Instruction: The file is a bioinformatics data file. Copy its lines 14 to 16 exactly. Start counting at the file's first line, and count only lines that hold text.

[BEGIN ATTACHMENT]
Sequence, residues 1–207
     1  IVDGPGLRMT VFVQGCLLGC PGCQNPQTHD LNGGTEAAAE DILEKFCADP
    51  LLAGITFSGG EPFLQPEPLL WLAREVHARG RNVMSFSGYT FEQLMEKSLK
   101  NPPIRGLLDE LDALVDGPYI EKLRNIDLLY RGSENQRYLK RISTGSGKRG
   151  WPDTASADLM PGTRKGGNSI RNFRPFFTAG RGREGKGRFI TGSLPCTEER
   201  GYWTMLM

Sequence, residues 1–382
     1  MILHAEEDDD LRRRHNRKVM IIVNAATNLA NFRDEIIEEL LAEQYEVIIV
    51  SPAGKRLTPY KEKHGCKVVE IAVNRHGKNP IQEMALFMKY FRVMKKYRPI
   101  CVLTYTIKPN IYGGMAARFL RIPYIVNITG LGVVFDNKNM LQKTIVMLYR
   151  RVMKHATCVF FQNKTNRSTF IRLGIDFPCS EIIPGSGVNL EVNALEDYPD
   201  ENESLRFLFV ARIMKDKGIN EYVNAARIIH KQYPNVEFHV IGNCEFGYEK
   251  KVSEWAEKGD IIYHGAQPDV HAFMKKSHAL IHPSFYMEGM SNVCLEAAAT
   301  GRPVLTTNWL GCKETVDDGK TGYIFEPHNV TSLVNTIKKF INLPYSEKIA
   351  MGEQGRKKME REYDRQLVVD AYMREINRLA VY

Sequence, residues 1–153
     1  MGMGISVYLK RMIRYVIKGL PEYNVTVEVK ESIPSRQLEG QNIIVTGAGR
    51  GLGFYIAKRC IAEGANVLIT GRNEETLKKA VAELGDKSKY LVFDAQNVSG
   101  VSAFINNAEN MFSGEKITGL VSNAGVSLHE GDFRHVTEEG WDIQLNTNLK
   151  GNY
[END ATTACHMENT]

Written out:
   301  GRPVLTTNWL GCKETVDDGK TGYIFEPHNV TSLVNTIKKF INLPYSEKIA
   351  MGEQGRKKME REYDRQLVVD AYMREINRLA VY

Sequence, residues 1–153